Sunday, July 8, 2007

Apology

Last night I totally lost it at Jeff. Not the first time, of course, but the first time in long enough that I had forgotten what it feels like -- that dry, throbbing ache of having hurt someone you love; the emotional equivalent of a nasty hangover. For Jeff and me, fights all follow the same script: I (the vocal, emotionally volatile one) get upset about the fact that Jeff (the silent, emotionally guarded one) is not as vocal or emotional as I am. For instance, last night the fight centered on the fact that Jeff wasn't making conversation with me as we walked. At the time, I felt extremely justified in my criticism of what I interpreted as his disinterest in me. However, as I worked myself into a tearful fervor, I suddenly stopped being able to rationalize why I was picking a fight with a man who so clearly hadn't done anything intentional to hurt me. Instead of stopping the fight then and there, however, here is my patented next move: I start to feel ashamed of myself, and guilty that I've picked a fight, so I switch gears from angry to incredibly insecure. I am the worst girlfriend, my insides scream. He is not going to be able to put up with this abuse for long. We are doomed.

Here's the thing: I'm three months away from getting married. My parents are on their way to divorce. It's much harder than I thought it would be not to, for lack of a better term, feel really fucked up about that. I am, by all accounts, a hopeless romantic. I believe in true love. Or, believed? My parents, who were quite happy for most of the thirty years they were together, have dealt with their separation as amicably as possible. There are no screaming fights, no suicide threats, no drunken warnings to never get married. I cannot, reasonably, blame them for my shaken beliefs. At the same time, I am scared. It's hard not to look at the problems Jeff and I have now as seeds that will someday grow into cracks that will break our future marriage apart. And that fear, I'm pretty sure, has the potential to be self-fulfilling. If I am to have a healthy and happy marriage, I need to stop envisioning its inevitable end.

Jeff pointed out last night that I always pick fights after we've spent time with one of my parents, usually after I've had a bit much to drink. He's right. Unconsciously, I think, I'm pushing him. Seeing my parents, while often wonderful, flips some kind of switch in me. I'm reminded of the end of their marriage, and it makes me test the strength of my own. Are you sure? I seem to be taunting, as I find some excuse to point out Jeff's shortcomings as a partner. Can you really love me forever, even when I'm being a manipulative, needy asshole? The answer, of course, is yes, he can. And I can, too, though Jeff is rarely, if ever, manipulative, and only occasionally needy or an asshole (only the very advanced can pull off all three at once).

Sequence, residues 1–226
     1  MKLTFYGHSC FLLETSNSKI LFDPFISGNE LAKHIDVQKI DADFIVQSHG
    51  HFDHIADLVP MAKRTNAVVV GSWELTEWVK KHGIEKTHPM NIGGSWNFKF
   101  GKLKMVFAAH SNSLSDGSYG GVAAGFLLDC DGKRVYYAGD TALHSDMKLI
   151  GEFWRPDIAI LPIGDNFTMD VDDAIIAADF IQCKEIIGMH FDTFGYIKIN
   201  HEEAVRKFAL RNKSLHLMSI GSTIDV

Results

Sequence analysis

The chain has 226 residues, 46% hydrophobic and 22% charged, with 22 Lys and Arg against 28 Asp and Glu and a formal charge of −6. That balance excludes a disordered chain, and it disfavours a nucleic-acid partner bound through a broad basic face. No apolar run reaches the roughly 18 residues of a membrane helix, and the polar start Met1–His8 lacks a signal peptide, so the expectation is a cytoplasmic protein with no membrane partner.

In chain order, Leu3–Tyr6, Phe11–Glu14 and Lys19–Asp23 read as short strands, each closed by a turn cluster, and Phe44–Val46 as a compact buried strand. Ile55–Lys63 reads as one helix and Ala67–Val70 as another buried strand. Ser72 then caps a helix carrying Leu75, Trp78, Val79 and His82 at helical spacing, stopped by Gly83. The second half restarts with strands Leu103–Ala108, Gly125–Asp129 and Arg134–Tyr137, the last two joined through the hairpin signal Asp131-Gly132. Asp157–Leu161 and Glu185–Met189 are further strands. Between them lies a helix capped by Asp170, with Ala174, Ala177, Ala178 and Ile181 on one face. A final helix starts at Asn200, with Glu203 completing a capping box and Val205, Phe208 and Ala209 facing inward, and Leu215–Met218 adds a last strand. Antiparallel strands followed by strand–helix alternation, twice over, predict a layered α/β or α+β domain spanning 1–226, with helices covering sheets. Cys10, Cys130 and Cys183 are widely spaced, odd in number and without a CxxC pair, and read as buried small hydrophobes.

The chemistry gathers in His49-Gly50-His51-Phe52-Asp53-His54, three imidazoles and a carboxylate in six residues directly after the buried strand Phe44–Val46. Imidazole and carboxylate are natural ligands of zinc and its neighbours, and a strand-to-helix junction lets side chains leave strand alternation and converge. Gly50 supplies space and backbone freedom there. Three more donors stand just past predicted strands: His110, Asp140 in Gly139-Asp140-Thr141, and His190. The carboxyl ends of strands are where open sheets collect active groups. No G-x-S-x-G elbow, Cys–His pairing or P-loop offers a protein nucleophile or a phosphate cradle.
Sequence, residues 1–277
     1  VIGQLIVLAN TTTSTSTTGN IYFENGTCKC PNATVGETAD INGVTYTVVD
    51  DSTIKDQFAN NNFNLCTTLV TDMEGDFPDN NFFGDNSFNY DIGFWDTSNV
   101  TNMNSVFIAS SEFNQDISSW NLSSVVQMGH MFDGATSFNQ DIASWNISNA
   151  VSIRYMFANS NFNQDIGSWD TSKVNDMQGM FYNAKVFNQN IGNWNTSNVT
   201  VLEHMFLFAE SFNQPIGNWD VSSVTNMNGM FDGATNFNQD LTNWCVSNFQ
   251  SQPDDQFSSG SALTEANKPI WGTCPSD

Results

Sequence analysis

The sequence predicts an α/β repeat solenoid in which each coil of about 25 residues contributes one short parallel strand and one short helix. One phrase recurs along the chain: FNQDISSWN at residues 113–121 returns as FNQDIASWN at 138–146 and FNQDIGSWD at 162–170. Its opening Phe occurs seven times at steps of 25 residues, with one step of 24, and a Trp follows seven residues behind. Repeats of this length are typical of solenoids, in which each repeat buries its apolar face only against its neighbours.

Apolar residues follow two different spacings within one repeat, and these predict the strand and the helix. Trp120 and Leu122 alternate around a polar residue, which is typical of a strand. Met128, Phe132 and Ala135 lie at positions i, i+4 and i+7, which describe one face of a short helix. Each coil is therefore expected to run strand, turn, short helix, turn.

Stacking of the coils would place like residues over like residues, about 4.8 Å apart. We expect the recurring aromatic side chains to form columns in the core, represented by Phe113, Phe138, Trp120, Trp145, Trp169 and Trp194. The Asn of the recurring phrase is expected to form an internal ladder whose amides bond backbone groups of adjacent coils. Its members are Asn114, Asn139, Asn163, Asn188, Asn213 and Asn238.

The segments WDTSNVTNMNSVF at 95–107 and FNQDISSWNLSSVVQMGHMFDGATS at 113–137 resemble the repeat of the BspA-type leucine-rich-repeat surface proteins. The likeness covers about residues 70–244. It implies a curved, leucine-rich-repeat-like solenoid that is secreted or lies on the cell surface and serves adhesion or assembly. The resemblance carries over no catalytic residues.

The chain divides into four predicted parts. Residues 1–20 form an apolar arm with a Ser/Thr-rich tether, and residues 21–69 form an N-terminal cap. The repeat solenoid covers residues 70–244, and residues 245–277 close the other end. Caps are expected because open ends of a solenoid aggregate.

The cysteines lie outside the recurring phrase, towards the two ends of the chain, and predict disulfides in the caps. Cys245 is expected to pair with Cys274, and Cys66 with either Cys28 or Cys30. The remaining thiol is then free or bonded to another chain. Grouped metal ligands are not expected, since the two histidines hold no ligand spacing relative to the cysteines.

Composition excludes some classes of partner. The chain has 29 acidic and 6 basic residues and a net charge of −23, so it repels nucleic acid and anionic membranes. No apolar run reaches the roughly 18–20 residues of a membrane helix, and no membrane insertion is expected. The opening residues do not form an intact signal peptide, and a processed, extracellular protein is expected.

Jeff is pretty wise. "We'll always have problems." he said to me last night as I stood, wiping my tears on an East Village stoop. I know he'll forgive me for last night, and for all of the other nights to come when I let my insecurity get the best of me. It's not often you find someone who still loves you at your darkest, most selfish hour. I just want to be able to let go of whatever it is that makes me keep testing him. I want to believe in love without fearing its end. I want to be as trusting and wise and strong as the man who, in three months, will be my husband.
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2 comments :

  1. I think I know the identity of that East Village stoop. I'm so happy to be a friend to both bride and groom, and to have had such a close, neighborly vantage point from the very beginning of your courtship. I want always to have a stoop for the two of you, on fight nights and love nights alike. You two give me faith in all the thrills and foibles of love. If you never fought, then I'd worry. An occasional fight means there are stakes, and without stakes, there is no jackpot.

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  2. OMG, word. I'm months away from marriage myself, and I often find myself acting as the irrational, emotional one. After a few drinks or a thought-provoking incident, I can't help but test our foundation. I'd be interested to hear your opinion of this post in retrospect. Does it get easier? Do you finally learn to accept that your relationship is what it is, and thus lose the need to prove it? Do you at least see yourself moving in that direction?

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